According to a new study, nice guys may not finish last after all. Researchers found that it was the Beta male, not the Alpha male, in baboon troops who came out the big winners in life. Why? Because the Alpha males were so consumed with the stress of fighting to keep their rank and pursuing fertile females that their health and well-being suffered. Meanwhile the less virile, less sexy Beta males were loving life. Sure, the Betas mated less, but they still got laid enough, were successful enough, and were found to lead an overall happier, healthier existence. So what does this mean for our human men? Better to do pretty well for a long time, than very well for a short time. That roughly translates to, “Finishing first is overrated.” [New York Times] Keep reading »
I saw “Transformers: Dark of the Moon” over the weekend. In 3-D. And I am so not into action movies. Now to be fair, my boyfriend had already bought tickets to “Horrible Bosses” for us, but I found myself wanting to please him since I knew he would much rather watch the Decepticons than Colin Farrell. I called him and suggested we see “Transformers” instead. Well, he jumped on it, returned the original tickets and immediately reserved our seats. “Babe, it’s going to sell out. We have to get there early!” he said, so excited.
Oh, the things we do for love. And lust. And infatuation. (And perhaps desperation, too). Have you ever found yourself doing things you said you would never do for a boyfriend, or a guy you’re dating, or even just a guy you want to date? I posed this question to the rest of The Frisky staff. So, take a moment and stop folding skidmark-stained undies and check out these 22 things we thought we would never do for a man—until we did. Keep reading »
I think “tapas” is actually Spanish for “Hey, these people will spend a lot of money to eat small portions of food off of tiny plates.” The whole idea of “tapas” was probably invented in the ’70s as a way to fleece English-speaking tourists who found appetizers sold as entrees charming and rustic. I hate going to tapas places on first dates. Because a dinner date is still dinner. I’m hungry. I have to order five or six tapas to make a meal and then the plates crowd the table and I look like a pig because those there are only two of those ridiculously tiny sausages and I ate them. But it’s not like I don’t raise my eyebrows and nod at the tiny sausages, which is the universal sign for “have a tiny sausage.” I am generous. I offer food from my plate to those with whom I am breaking proverbial bread. There is nothing stopping a certain dinner companion from also ordering five or six tapas, including the tiny sausage tapas, instead of just having what looks like a sprig of the Jolly Green Giant’s pubic hair.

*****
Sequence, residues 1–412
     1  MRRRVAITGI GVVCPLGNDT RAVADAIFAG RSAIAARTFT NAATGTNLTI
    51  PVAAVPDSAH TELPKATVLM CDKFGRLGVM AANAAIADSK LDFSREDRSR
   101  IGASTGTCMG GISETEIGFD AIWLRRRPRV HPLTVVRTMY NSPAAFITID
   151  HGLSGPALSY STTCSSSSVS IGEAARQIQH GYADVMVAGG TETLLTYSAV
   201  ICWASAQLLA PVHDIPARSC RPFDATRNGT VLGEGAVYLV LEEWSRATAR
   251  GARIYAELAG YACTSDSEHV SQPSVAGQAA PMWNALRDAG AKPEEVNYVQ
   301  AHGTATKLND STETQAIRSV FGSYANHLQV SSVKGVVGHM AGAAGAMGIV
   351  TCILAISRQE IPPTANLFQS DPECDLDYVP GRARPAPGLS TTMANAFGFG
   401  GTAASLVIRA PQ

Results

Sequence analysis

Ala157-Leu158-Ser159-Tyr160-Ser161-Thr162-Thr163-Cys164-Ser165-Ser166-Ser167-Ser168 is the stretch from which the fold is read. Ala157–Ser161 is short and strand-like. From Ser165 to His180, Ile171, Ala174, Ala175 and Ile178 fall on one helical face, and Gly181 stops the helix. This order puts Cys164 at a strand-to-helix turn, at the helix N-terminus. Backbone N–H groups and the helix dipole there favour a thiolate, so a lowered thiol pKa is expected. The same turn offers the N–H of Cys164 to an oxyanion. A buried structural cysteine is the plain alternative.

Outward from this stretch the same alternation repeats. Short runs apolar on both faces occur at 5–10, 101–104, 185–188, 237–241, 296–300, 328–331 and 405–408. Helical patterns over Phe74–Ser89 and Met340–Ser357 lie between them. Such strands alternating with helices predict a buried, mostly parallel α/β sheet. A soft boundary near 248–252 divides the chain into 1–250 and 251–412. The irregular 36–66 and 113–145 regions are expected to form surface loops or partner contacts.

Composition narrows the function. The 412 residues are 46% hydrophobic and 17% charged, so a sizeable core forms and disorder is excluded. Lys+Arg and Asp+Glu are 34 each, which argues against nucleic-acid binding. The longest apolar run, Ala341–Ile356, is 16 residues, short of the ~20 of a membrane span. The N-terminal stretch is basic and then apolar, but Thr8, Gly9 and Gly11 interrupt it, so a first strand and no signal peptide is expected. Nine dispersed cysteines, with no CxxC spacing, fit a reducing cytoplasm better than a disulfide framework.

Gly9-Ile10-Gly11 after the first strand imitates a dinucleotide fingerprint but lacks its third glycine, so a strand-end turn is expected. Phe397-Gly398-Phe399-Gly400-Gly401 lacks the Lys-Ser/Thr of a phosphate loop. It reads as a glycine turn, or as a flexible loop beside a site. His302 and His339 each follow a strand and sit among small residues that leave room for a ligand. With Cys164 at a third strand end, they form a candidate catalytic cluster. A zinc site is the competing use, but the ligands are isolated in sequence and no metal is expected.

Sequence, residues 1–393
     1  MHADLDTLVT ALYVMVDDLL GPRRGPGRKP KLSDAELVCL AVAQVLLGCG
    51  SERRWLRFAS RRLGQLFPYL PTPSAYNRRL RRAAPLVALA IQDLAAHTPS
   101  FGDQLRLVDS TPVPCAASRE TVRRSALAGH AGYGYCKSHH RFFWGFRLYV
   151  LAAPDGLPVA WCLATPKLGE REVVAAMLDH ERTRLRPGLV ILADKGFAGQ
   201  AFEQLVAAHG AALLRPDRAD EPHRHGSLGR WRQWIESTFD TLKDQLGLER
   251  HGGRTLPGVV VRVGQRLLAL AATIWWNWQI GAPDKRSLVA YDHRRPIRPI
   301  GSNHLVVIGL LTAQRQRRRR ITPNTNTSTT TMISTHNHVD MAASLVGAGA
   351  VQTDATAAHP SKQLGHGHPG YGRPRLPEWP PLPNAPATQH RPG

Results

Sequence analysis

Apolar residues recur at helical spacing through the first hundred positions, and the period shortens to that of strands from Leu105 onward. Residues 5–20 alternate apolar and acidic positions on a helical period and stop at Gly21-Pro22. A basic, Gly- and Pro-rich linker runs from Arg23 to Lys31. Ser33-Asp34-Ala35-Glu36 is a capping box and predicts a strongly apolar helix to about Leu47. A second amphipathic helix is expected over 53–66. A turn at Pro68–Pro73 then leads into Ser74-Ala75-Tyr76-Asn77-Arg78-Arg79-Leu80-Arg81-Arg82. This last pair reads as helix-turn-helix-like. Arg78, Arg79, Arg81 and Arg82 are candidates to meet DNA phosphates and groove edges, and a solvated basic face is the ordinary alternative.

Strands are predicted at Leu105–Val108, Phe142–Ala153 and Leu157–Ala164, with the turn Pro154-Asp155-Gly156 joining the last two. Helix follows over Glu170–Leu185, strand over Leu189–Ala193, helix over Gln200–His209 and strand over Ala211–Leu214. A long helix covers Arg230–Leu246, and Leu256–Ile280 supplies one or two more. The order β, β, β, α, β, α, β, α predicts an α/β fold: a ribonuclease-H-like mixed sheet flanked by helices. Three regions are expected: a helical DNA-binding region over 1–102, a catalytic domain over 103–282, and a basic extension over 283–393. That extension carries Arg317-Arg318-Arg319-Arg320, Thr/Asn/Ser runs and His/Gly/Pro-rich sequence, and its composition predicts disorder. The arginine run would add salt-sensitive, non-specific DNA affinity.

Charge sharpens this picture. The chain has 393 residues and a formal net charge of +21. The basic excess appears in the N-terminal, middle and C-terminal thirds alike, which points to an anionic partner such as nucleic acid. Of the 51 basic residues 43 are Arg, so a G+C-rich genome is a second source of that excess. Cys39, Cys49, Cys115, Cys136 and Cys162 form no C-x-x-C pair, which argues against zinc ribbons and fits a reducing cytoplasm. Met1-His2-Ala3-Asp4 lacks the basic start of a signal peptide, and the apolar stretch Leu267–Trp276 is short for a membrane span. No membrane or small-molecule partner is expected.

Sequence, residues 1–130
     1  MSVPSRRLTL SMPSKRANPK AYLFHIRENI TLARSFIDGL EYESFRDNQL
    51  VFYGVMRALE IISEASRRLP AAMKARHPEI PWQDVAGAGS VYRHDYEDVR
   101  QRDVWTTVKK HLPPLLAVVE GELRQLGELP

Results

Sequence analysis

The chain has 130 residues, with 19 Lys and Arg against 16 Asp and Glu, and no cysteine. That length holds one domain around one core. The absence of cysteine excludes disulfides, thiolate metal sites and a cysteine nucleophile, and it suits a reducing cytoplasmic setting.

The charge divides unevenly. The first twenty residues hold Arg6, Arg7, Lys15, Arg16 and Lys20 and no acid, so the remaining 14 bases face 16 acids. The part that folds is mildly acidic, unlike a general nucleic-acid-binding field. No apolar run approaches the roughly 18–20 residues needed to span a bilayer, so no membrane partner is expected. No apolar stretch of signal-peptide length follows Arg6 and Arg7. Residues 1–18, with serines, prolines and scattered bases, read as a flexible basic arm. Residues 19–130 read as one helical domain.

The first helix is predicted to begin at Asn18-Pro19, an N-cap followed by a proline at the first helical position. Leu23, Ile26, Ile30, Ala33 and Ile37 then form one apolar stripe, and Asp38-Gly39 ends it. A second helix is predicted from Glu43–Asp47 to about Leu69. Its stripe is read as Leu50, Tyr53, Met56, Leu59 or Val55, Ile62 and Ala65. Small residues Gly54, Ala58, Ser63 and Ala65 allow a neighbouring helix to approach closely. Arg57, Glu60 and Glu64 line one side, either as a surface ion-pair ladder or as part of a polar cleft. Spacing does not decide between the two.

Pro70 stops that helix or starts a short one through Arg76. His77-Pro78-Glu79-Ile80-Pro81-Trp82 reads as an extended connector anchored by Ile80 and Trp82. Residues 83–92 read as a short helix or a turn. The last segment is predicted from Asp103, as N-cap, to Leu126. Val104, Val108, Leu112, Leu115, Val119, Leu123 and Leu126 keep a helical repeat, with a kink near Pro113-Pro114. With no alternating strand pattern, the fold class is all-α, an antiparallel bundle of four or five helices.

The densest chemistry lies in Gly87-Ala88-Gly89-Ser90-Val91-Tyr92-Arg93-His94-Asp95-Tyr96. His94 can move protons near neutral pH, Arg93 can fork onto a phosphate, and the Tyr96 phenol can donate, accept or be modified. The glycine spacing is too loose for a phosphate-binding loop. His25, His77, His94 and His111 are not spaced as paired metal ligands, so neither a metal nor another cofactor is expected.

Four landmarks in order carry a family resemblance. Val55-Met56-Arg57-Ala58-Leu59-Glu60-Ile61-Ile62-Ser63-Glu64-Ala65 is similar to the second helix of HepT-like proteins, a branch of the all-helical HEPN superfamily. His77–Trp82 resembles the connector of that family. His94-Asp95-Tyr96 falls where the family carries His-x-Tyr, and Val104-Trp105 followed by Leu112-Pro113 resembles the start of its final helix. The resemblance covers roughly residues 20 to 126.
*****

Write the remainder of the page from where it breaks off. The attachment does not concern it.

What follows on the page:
Damn tapas. Damn tiny sausages. Damn social awkwardness. First dates are the worst. But who am I kidding? I’m not going on any first dates. Keep reading »
My mother and many of her second-wave feminist peers view pornography as an institutional ill that is degrading to women and damaging to developing sexuality. She believes that the camera-ready angles, waxed and plastic body parts and pervasive depiction of extreme acts as “normal” distort human sexuality and give young porn-viewers a whole bunch of false and dangerous expectations.
My mom is a smart lady, and she’s not wrong. While I agree that some porn (okay, most of it) fits the bill she describes as damaging, I don’t find the filming and viewing of sex acts as objectively offensive. In other words, I think that porn is not inherently problematic, but its content often includes problematic ideas and attitudes. I also believe when viewed as entertainment, porn can be a positive element in the repertoire of adult sexuality, Keep reading »
There’s this (amazing) song on the soundtrack to the (terrible) movie “The Romantics” called “We Can’t Be Friends” by Lenore Scafaria. My favorite lyrics go:
“I want to wear a skirt, I want to make mistakes,
I want to kill you first and then take your name,
I want to tear you apart, I want to make your bed,
I wanna break your heart, I want to break your head,
I guess this means we can’t be friends.”
In the days, weeks and months following a big breakup, I listened to this song on repeat. Every word of it spoke to me (especially the part about breaking his head). We’d said to each other on our first date, moony-eyed, that even if this didn’t grow into anything, we should still be friends.
Two years later, it couldn’t be more obvious that we could not be friends. My friends don’t sneak around behind my back. My friends don’t email me lists of the things they don’t like about me. My friends don’t threaten to throw out my stuff. There’s a hell of a lot of things my ex-boyfriend did that I wouldn’t stand for if one of my girl or guy friends were to do them. Why should I make concessions for acting like a d**k just because we had been in a romantic relationship together? What would that prove?
This cropped up again recently when a guy I’d been going on dates with for about a month ended it with me. Hormones, as I’ll call him, said he didn’t have strong enough romantic feelings or see long-term potential for us. Yadda yadda yadda. That is fine. I understand. I appreciate that he was honest about it. But then Hormones told me that he hoped we could be friends. Keep reading »